Dressing for Success
L'Academie de Cuisine's chef tells how to dress for success with the perfect vinaigrette.
Vinaigrette is a dressing that can be sassy or sublime, lending flavor to more than just salad greens. The versatile mix of oil, vinegar, an emulsifier and seasonings can add punch to roasted vegetables, potato, pasta or bean salads, and even cooked meats and fish. Dijon mustard is a common emulsifier, which is essential to bind the oil and vinegar together into a smooth, creamy sauce. While vinaigrette will quickly break down the fibers of salad greens, it’s easily absorbed by starchier foods such as potatoes and pasta. It’s best to dress those foods ahead of time so they can marinate.
Go for the Good Stuff
Since vinaigrette requires few ingredients, using good-quality oils and vinegars will produce the tastiest dressing.
- Oils: Use extra-virgin olive oil; nut, avocado and grapeseed oils also work. Store the oil in a squeeze bottle so it can be added easily when whisking the vinaigrette ingredients together.
- Vinegars: Potent vinegars add the most flavor, so use sherry, red wine, rice wine or champagne vinegars. Balsamic vinegar is not a good choice because it can turn the vinaigrette dark, and the low acidity of aged balsamic vinegar isn’t strong enough to make a potent vinaigrette.
- Extra flavor: A little chopped fresh garlic will add verve and flavor. Also try adding a dash of red pepper flakes or fresh chopped thyme, parsley or tarragon.
Helpful Hint: Mustard can’t hold oil and vinegar together indefinitely, so the vinaigrette may separate over time. Recombine the ingredients by shaking the container storing the vinaigrette or by reincorporating the broken vinaigrette with a new mix of mustard and water.
To Make A Basic Vinaigrette:
Ingredients (Makes 1/2 cup)
1 tablespoon prepared Dijon mustard
2 tablespoons red wine vinegar
1 tablespoon water
½ teaspoon salt
½ teaspoon ground pepper
1 tablespoon minced shallots
1 tablespoon minced garlic
6 tablespoons extra-virgin olive oil, preferably in a squeeze bottle
- Place the mustard in a mixing bowl. Add the vinegar, salt, pepper, shallots and garlic. Whisk together.
- In your dominant hand, hold a stiff sauce whisk.
- In the other hand, hold a squeeze bottle of oil at the edge of the bowl. While whisking continuously with your dominant hand, squeeze in or add the oil in a thin stream directly where the whisk is beating the mustard and vinegar. The ingredients should begin binding together into a creamy sauce. If the mixture is too thick, add a little of the water.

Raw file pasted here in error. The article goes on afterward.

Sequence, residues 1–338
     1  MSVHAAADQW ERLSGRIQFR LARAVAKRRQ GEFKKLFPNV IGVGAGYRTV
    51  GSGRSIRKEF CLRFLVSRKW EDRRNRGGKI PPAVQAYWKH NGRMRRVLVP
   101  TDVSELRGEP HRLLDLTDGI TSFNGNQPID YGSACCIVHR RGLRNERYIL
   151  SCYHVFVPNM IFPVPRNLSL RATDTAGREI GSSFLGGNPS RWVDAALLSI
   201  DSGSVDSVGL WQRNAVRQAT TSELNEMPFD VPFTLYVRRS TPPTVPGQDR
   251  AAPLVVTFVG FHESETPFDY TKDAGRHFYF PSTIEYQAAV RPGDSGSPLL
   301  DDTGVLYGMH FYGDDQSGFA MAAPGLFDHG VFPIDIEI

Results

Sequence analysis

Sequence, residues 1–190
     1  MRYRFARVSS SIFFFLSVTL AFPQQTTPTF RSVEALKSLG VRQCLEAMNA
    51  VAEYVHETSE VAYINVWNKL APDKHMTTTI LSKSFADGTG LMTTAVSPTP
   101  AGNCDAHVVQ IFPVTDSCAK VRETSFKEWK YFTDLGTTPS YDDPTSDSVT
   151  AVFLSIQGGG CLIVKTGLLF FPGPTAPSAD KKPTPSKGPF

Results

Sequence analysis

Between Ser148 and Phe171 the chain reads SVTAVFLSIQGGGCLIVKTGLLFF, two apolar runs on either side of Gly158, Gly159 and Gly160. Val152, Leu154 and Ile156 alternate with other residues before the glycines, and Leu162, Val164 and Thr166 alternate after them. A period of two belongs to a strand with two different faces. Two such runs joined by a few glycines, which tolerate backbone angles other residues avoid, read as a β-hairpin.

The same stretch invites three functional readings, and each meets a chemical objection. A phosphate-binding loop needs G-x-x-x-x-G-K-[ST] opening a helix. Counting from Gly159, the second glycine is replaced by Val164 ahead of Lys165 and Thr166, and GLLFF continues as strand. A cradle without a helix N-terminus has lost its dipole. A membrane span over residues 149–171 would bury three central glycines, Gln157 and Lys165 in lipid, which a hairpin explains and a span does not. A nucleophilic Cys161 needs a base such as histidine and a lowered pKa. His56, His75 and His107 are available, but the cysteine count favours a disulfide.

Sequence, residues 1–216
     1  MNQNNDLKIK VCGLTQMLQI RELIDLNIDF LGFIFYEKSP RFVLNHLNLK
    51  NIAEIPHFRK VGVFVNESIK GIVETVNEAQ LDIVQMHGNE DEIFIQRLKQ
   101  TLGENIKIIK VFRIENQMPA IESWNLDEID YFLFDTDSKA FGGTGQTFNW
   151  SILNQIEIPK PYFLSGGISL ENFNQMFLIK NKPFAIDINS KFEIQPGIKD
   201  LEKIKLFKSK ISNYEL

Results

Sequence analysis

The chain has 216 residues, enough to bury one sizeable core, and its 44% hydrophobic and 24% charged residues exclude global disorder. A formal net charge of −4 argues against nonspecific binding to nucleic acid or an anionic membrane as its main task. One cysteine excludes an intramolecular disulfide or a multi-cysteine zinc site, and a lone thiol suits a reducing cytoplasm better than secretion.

- If the oil and vinegar start to separate, start over in a clean bowl with a tiny bit of mustard and a few drops of water and whisk the broken vinaigrette into the new mustard mixture.
- Store in a squeeze bottle or an air-tight container in the refrigerator.
To Make The Salad:
1 pound cellentani or fusilli pasta
½ cup vinaigrette
11 ounces cherry tomatoes, cut in half
1 each of red, yellow and orange bell peppers, chopped
1 jalapeno pepper, seeds removed and chopped
½ red onion, chopped
¼ cup sliced fresh basil
¼ cup Kalamata pitted olives
¼ cup grated Parmesan cheese
- Bring water to a boil in a large pot. Add a generous dash of salt. Cook the pasta according to the package directions for al dente.
- Strain the pasta and rinse with cold water.
- Rinsing the pasta will help get rid of excess starch. Drain thoroughly and put in a serving bowl.
- Once the pasta has cooled, toss with the vinaigrette—don’t wait until the pasta is cold because it won’t absorb the dressing as readily. Add the cherry tomatoes, peppers, red onion, basil and olives. Toss together. Sprinkle cheese on top. Serve at room temperature or cold.
Photos by Stacy Zarin-Goldberg
Written by Brian Patterson | L’Academie de Cuisine | www.lacademie.com